MOSCOW, Sept 13 (Reuters) - Russia's Parliamentary leaders and President Vladimir Putin agreed on Wednesday to embark on a three-year crash course to thwart what they said was an anticipated chain of disasters due to hit the
country in 2003.
"(These are) issues of extraordinary importance, strategic issues which may degenerate into a serious threat for the existence, I want to stress this, for the existence of Russia," former Prime Minister Yevgeny Primakov told reporters.
Some experts have singled out 2003 as the year when three problems -- a big debt bill, eroding infrastructure and an ageing population -- could combine to throw Russia into turmoil. Primakov, leader of the centre-left OVR parliamentary faction, was one of several top members of the State Duma lower house of parliament to meet Putin in the Kremlin. In addition to the "2003 problem," the agenda included next year's budget and media freedom and ownership. Both sides agreed urgent measures had to be taken to avert the looming disaster.
Problems of Russia's crumbling industrial base were highlighted last month when a nuclear-powered submarine sank with the loss of all 118 crew on board and a day-long fire gutted Moscow's Ostankino television tower, a national symbol. Putin said at the time the fire was proof of the dangerous condition of the Russian infrastructure. A power shortage last weekend also forced officials to shut down nuclear reactors, including those at a giant, top-secret fuel reprocessing plant whose boss said that only staff discipline prevented a major crisis.
PRO-KREMLIN PARTY BROUGHT UP THE 2003 PROBLEM
Boris Gryzlov, leader of the pro-Kremlin Unity faction which was the first to raise the issue, said Russia would also have to deal in 2003 with a colossal $17 billion foreign debt payout and a massive population shrinkage. Gryzlov said the problems had already been discussed with cabinet ministers and the parliamentarians had agreed with Putin to set up a commission to tackle the issue head-on. "The question was discussed at length and the president approved our initiative and said he would dispatch representatives of his administration to the working group," Gryzlov said after the Kremlin meeting. He said the commission could start work as early as Monday and suggested the government could alleviate the crisis by using budget windfalls, such as extra revenue from higher oil prices, on paying off straight away debts maturing in 2003.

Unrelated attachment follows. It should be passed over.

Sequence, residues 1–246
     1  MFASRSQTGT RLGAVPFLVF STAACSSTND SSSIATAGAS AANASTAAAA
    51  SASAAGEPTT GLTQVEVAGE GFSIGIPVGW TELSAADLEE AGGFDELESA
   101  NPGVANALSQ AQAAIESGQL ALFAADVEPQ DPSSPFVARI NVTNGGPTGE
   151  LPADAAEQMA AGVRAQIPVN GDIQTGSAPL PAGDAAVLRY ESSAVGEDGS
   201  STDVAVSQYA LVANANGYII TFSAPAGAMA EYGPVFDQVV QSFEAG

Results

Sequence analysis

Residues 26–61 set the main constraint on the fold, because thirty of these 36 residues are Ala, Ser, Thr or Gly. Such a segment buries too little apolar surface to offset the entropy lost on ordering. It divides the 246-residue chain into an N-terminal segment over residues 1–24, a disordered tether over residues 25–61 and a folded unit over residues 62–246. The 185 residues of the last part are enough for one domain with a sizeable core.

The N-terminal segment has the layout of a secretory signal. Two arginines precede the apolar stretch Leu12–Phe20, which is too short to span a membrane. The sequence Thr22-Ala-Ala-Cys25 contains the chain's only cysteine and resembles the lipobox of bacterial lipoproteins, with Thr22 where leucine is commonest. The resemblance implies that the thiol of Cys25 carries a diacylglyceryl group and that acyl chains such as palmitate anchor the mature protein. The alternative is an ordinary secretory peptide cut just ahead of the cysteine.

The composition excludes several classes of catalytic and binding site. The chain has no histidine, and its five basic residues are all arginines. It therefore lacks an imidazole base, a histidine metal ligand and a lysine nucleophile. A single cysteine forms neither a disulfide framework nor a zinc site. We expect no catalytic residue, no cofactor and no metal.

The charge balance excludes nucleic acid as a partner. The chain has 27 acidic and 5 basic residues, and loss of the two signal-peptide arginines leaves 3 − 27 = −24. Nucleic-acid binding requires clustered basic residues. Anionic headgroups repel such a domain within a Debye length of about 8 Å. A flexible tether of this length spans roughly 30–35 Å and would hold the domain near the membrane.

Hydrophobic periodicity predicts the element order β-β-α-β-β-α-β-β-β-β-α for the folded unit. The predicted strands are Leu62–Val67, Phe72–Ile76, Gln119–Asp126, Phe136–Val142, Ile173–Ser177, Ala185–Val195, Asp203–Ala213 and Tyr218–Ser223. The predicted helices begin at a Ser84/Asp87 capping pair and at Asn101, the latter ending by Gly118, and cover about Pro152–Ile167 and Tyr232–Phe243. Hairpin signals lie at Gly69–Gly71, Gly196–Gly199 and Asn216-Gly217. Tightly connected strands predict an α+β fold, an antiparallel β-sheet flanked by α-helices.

Some observers said the 2003 deadline was rather artificial and might serve political purposes.
Dmitry Pinsker, Kremlin-watcher for the liberal weekly Itogi, said Kremlin spin doctors planned to make a fuss over the initiatives, in part to answer critics who charged them with inaction during the Kursk submarine disaster last month. Economic analysts say Russia's financial and infrastructure problems are real, but picking a date is somewhat arbitrary.
"A lot here is artificial," Oleg Vyugin, a former first deputy finance minister and now executive vice president at Troika Dialog investment bank, told Reuters. Russia is due to pay slightly more than $16 billion in debt payments that year, compared with $11.3 billion due in 2001, he said. But there was still plenty of room for restructuring. "Everyone knows that the infrastructure is deteriorating, but that does not mean that this will all happen in 2003. The television tower burned up this year," he said.
Al Breach, an analyst with Goldman Sachs, said investors would applaud reform talk, however artificial the deadline.
"For these guys to be thinking three years ahead is pretty good," he said.
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